Cyber Monday is somewhat of a holiday for avid shoppers, only paling in comparison to Black Friday just a few days before.
However, with such fun and consumer power, there are plenty of pitfalls that could ruin one's holiday season. Thus, both Staples and McAfee have published sets of tips for both employees and IT departments to help prepare for this major day in just over a week.
McAfee cites that its motivation is that almost 60 percent of the more than $887 million in Cyber Monday purchases were made from the workplace two years ago. But at the same time when employees will be shopping online, they will "more than ever, putting their organization at risk for malware, spam, phishing scams," and more.
Thus, here are the common sense tips from McAfee -- most of which you should really have in place for any day of the year.
- Have anti-virus software installed on your system and update frequently to ensure your software has the latest fixes for new viruses, worms and Trojan horses.
- Consider monitoring user activity or locking down internet access on that day to cut down on the probability of malicious activity within your organization.
- Organizations should conduct penetration testing in order to identify vulnerabilities that exist in a system or network.
- Ensure your organization has a disaster recovery plan or Computer Security Incident Response Team in place. This team is responsible for receiving, reviewing and responding to computer security incident reports and activity.
- Make sure employees are trained properly to identify threats including revisiting common social engineering techniques for internal employees to ensure they are protected against scams.
And here's Staples chiming in for both IT admins and company employees overall:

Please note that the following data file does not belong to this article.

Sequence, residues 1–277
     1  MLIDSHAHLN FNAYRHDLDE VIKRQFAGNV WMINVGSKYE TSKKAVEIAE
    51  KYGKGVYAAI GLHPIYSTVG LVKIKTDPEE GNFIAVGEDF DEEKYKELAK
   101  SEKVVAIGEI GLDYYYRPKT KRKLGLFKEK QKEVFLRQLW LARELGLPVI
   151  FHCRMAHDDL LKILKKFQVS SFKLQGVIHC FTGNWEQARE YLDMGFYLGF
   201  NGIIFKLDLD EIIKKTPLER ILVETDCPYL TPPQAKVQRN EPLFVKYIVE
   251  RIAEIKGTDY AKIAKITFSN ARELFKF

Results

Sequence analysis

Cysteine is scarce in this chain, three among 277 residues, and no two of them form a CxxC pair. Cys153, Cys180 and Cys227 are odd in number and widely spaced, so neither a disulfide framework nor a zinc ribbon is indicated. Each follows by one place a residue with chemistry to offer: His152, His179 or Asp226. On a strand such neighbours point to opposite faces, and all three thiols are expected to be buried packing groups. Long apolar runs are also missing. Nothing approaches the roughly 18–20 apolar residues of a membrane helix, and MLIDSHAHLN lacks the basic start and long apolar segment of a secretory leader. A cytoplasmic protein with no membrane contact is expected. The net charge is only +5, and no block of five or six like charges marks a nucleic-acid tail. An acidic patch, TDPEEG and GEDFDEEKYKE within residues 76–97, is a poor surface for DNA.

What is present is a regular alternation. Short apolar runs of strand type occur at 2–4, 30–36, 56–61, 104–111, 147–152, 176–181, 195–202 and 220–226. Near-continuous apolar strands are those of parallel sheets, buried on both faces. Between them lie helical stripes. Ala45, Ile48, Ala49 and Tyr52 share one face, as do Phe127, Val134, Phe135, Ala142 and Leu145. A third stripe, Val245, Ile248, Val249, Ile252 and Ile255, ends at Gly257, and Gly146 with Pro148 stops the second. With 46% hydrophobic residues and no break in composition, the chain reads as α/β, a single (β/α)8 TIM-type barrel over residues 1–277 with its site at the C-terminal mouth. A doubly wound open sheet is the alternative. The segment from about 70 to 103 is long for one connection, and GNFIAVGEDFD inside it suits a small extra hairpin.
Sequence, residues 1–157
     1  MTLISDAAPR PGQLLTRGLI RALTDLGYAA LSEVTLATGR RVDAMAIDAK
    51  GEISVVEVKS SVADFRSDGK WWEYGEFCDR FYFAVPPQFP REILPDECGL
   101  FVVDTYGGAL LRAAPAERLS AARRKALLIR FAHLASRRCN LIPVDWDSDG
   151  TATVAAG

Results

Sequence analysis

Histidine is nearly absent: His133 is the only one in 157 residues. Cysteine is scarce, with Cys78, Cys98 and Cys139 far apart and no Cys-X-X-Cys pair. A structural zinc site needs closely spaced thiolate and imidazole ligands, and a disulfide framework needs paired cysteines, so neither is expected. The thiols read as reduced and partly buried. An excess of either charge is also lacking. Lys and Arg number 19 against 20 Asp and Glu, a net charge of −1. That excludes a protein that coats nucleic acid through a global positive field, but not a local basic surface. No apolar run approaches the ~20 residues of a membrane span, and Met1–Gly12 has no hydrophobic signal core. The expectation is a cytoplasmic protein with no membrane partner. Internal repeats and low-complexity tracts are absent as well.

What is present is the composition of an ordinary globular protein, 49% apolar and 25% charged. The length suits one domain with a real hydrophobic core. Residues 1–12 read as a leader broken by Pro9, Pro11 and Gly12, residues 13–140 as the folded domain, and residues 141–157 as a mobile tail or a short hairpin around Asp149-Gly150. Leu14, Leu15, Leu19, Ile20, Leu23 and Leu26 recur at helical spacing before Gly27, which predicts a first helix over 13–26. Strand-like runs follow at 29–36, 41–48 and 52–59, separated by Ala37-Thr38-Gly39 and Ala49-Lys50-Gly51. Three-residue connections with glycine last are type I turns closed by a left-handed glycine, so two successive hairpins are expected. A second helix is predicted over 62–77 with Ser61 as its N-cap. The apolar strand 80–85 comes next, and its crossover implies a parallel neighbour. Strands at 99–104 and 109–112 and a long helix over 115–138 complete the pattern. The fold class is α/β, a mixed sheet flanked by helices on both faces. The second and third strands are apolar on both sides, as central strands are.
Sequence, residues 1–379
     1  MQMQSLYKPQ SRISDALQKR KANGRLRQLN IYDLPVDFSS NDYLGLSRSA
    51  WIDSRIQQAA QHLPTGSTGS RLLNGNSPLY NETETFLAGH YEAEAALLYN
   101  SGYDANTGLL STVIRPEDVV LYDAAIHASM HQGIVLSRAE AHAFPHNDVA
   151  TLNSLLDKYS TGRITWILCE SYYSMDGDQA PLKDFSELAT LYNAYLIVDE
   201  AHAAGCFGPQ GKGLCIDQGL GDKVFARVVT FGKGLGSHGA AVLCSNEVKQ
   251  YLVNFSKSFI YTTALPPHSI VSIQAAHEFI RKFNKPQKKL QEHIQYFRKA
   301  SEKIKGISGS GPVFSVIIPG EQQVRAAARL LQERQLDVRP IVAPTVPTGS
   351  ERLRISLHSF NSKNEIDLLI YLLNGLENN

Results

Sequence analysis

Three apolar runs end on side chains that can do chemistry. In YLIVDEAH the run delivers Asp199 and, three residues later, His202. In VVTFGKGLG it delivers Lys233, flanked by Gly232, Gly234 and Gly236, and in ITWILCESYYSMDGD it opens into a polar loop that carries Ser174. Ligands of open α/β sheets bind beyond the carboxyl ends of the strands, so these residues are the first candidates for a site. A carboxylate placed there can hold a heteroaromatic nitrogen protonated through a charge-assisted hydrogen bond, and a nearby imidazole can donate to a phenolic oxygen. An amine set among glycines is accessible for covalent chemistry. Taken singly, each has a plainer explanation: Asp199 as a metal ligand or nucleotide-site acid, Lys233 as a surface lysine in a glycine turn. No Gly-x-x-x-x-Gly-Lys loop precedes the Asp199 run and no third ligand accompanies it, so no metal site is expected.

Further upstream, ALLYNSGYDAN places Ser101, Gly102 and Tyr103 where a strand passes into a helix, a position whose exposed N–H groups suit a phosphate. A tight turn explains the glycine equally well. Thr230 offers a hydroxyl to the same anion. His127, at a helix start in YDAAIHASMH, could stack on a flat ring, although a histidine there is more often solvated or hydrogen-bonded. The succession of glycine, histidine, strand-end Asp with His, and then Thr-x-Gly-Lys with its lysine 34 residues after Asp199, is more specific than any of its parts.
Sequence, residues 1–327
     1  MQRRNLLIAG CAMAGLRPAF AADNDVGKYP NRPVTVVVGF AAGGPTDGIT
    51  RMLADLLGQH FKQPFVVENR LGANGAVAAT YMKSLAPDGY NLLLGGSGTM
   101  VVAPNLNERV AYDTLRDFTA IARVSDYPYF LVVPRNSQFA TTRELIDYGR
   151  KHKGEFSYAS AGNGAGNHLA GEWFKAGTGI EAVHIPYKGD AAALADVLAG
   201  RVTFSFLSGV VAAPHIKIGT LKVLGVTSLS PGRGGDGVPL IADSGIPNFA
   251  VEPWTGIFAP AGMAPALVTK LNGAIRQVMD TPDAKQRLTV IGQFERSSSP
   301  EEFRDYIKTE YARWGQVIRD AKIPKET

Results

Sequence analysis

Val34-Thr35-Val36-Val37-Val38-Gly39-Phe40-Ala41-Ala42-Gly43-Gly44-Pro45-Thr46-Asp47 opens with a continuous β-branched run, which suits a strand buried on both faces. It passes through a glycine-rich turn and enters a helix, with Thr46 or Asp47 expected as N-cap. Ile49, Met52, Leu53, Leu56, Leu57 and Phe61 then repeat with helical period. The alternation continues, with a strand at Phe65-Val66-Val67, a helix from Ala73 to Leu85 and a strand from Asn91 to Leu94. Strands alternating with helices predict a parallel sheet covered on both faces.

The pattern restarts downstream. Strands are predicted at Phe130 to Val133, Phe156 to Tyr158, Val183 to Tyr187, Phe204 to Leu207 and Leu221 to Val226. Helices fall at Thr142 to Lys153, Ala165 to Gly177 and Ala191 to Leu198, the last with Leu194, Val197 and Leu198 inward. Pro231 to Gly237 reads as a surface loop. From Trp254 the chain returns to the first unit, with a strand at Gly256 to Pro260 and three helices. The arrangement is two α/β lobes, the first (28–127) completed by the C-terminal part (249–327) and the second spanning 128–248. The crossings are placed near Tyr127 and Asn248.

- BYOD (bring your own device) is when employees use their personal technology for work related tasks. This is a continuing trend with the number of portable computers and mobile devices in the workplace increasing every year. As such, employees are using their personal devices to shop while at the office, and you need to create realistic security policies that don’t compromise intellectual property while letting employees stay mobile. For example, consider segmenting network traffic for personal devices (allow access to “guest” network) separate from corporate network resources.
- Typically vigilant employees may let their guard down. You should provide them with examples of specific security threats to be wary of – such as fake e-cards and scams like a free gift with purchase such as a tablet. Many of these "offers" will come in via email or social media and could contain a virus. Understanding what to watch out for can go a long way.
- It’s essential that employees have a basic understanding of corporate security policies. Remind them about rules such as not sending personal information (name, credit card, etc,) while using company resources.
- Make sure all websites are using SSL encryption when entering personal information. That means looking for a padlock or a key symbol, typically in the lower right of the page. Secure sites also include “https” in the address bar to signify the transaction is protected. In addition, remember that it’s best to buy high-ticket items from eTailers you know or those that also have a brick and mortar location.
- Don’t allow your browser to save your username and password when shopping online. It’s less convenient but safer in case the site’s datastore gets breached. Also avoid providing a work email address as contact information.
- Treat social networking sites with the same caution as other websites. Social sites are a growing target for fraudsters and virus writers.
- Use your credit card – if your debt card gets stolen, it might be more complicated to sort things out, especially if the fraud causes overdrafts and bounced checks.
IT department admins and developers, do you have any tips of your own to share for handling work on Cyber Monday?
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